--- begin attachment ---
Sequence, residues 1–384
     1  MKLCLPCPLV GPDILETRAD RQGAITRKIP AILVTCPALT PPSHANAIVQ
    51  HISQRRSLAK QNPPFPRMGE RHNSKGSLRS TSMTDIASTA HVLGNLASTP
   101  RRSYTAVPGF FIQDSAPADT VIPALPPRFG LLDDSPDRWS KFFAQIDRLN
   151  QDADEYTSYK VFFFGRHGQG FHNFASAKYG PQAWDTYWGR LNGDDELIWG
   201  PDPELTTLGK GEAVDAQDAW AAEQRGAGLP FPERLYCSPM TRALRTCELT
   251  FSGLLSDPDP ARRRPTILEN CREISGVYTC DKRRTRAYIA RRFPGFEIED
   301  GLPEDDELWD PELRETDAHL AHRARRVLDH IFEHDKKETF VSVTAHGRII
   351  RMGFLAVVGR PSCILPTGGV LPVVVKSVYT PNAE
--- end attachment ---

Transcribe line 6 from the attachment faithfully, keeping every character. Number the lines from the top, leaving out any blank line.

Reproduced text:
   201  PDPELTTLGK GEAVDAQDAW AAEQRGAGLP FPERLYCSPM TRALRTCELT